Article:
Public review of rate increases also requires access to insurers’ financial statements. Insurers’ financial statements may be obtained from state insurance departments, or from the NAIC’s website but the organization charges a fee. However, most states do not post financial statements online but require a Public Records Act request, along with copying and mailing costs or a necessity to inspect at the state agency office. State regulators and insurers sometimes do not release specific information necessary to show profits, expenses, medical claims and historical financial data specific to each policy or block and for a particular state’s individual market. This financial information is important to evaluate insurers’ claims of individual market losses.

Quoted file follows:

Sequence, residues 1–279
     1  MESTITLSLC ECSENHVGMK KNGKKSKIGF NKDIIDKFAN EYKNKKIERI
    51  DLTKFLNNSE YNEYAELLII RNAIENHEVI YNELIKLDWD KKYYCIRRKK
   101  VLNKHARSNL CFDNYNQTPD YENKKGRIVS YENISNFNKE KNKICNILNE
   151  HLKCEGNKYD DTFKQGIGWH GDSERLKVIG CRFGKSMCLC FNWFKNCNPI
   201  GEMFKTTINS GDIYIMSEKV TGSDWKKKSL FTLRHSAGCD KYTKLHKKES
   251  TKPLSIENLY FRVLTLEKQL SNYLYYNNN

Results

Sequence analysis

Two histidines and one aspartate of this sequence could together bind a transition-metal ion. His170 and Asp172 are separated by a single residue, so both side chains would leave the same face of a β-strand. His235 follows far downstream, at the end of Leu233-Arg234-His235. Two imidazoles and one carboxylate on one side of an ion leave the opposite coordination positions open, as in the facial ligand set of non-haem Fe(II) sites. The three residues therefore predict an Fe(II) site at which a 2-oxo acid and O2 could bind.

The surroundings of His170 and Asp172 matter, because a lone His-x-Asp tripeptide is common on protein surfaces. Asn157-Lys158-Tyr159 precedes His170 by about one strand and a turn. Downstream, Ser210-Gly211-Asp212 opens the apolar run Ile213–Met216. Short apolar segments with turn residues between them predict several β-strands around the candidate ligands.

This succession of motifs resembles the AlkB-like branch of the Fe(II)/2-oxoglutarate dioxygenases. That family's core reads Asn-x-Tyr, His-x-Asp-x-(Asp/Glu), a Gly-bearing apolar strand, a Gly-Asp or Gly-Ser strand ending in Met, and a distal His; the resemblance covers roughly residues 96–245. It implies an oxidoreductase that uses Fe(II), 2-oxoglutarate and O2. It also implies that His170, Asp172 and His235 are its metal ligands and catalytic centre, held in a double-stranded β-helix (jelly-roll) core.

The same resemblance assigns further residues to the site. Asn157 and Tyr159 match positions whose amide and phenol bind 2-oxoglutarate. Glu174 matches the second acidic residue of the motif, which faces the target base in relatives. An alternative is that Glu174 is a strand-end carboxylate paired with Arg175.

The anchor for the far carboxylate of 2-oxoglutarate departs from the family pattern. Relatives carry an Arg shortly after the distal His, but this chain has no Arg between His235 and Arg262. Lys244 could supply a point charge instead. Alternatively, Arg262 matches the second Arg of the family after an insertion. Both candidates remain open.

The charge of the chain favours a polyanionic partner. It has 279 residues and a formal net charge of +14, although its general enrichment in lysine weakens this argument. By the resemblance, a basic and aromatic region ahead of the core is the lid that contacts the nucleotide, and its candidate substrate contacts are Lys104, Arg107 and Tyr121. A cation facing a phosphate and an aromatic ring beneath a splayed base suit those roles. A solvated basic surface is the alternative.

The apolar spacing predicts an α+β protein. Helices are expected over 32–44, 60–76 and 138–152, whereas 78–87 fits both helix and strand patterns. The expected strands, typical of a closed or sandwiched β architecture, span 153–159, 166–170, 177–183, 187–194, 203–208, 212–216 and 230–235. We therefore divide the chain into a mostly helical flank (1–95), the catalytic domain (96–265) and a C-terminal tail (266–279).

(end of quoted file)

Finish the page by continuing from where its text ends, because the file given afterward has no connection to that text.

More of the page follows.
Information Relating to Justification that Should Be Publicly Available

For consumers and consumer advocates to understand rate increases and play an effective role in rate review, a new standard should be created detailing information that should be available and made easily accessible.

Regulators should make all individual market rate filings (in their entirety [4] and including associated correspondence), rate filing summaries and supporting financial information publicly available through agency websites within two weeks of receipt of a proposed increase. Documentation should include the following types of basic information necessary for a rigorous rate review process:

  • Base rate increase for each block of business subject to an increase, and the overall average increase for all policies.